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Reduction in pig medicine usage is plausible

Genetic differences between the content of certain compounds in pigs affects their disease resistance. If this knowledge is developed and included in breeding programmes it can have an impact on the usage of antibiotics in Danish pig production.


Research can reduce the use of antibiotics on Danish pig farms via the development of a tool that can be used in breeding programmes. Photo: Janne Hansen

It is very possible that the usage of antibiotics on Danish pig farms can be reduced without negatively affecting pig welfare, farmer finances or consumer health. On the contrary, it would be beneficial for all three things.


A reduction in the use of antibiotics can take place through target-oriented breeding programmes. Scientists from the Faculty of Agricultural Sciences have actually already discovered a tool that can be used to this aim. All they need now is the opportunity to test how well the tool works in pigs.


The tool is mannose-binding lectin (MBL). New studies show that MBL is one of the key parameters in innate broad-spectrum disease resistance. Not only that, scientists from the Faculty of Agricultural Sciences have found that there is a marked variation in the content of the compound in pigs which gives reason to hope that selection against pigs with a low MBL content is feasible.


This is described in an article sent to the scientific journal ”Immunogenetics”.


Not all pigs are born equal

- Pigs have several types of MBL. We have developed antibodies against MBL-A which makes it possible to test specifically for MBL-A content in the blood, explains senior scientist Helle R. Juul-Madsen from the Department of Animal Health and Bioscience at the Faculty of Agricultural Sciences and leader of the research project.


The scientists investigated 3,000 pigs from Danish Pig Production’s test station, Bøgildgaard. The results show that among the Landrace pigs there were four clearly different groups of animals with regard to MBL-A blood serum content. The scientists thereafter investigated the DNA of the pigs in question and found that there were corresponding differences in the DNA profiles of the animals.


- The animals with a low level of MBL-A turned out to have a genetic defect. The defect causes an improper unfolding of the MBL-A molecule that therefore does not function properly. Instead it is broken down and never reaches the blood, explains Helle R. Juul-Madsen.


The interesting thing about MBL-A is that it probably has an effect on pig disease resistance. In similar studies in poultry Helle R. Juul-Madsen has found that robust chickens have a higher MBL content than average chickens. They have improved resistance against diseases caused by bacteria, viruses and parasites and it is not necessary to medicate or vaccinate them as much as average chickens.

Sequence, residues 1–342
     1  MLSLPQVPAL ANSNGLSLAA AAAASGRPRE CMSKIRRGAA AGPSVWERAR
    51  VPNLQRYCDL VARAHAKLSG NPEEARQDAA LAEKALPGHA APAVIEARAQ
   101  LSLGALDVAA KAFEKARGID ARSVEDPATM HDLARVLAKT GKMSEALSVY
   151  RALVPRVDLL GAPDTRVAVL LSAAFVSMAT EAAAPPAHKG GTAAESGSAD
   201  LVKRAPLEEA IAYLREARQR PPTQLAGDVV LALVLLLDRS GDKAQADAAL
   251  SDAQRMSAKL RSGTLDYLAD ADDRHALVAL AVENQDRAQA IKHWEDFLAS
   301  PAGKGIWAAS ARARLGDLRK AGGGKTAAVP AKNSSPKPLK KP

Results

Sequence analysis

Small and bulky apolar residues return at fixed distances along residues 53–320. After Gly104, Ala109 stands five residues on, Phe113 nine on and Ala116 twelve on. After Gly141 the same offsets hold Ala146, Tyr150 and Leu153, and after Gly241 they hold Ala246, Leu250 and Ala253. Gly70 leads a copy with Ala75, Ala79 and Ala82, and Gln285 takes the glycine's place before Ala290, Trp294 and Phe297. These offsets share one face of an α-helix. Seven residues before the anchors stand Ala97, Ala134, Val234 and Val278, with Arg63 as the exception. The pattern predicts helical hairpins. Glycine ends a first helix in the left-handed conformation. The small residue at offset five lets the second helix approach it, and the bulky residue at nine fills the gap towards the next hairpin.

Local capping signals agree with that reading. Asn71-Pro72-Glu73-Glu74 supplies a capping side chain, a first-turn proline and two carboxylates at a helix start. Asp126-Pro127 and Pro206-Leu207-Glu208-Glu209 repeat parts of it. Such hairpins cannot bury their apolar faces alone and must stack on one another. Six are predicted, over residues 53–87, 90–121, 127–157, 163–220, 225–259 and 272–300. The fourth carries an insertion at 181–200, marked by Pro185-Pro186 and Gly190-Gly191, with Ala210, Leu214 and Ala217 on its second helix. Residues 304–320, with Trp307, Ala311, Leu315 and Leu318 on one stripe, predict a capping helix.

Promising results should be followed up

- There is no reason to believe that the situation is not the same for pigs. In mice it has been shown that MBL-C plays a supporting role and in our studies we have shown that some of the pigs also have a defect in their MBL-C. It would be interesting to investigate this and to find out if this can be used in breeding programmes, says Helle R. Juul-Madsen who is chomping at the bit to try out her ideas in a follow-up study.


- It would have been obvious to investigate if we could relate the level of MBL in the pigs to their disease frequency or the frequency of treatment with antibiotics but it was not possible with the data from Bøgildgaard because on that farm the whole pen is medicated even if only one pig in the pen is sick, says Helle R. Juul-Madsen.


If she can acquire funds for a follow-up project, then she would like to carry out infection trials with pigs with a high and a low level of MBL, respectively, to see if the pigs with a low MBL content get sick more easily than pigs with a high MBL content. The results could be very important with regard to health and finances in Danish pig production and with regard to the prevalence of antibiotics resistance in Denmark.


The project was supported by the Centre for Animal Production and Health Management (CEPROS) and the Ministry of Food, Agriculture and Fisheries. Danish Pig Production via Danavl kindly supplied the animal material at Bøgildgaard.


For more information please contact: Senior scientist Helle R. Juul-Madsen, Department of Animal Health and Bioscience, telephone: +45 8999 1515, email: Helle.JuulMadsen@agrsci.dk


Text: Janne Hansen




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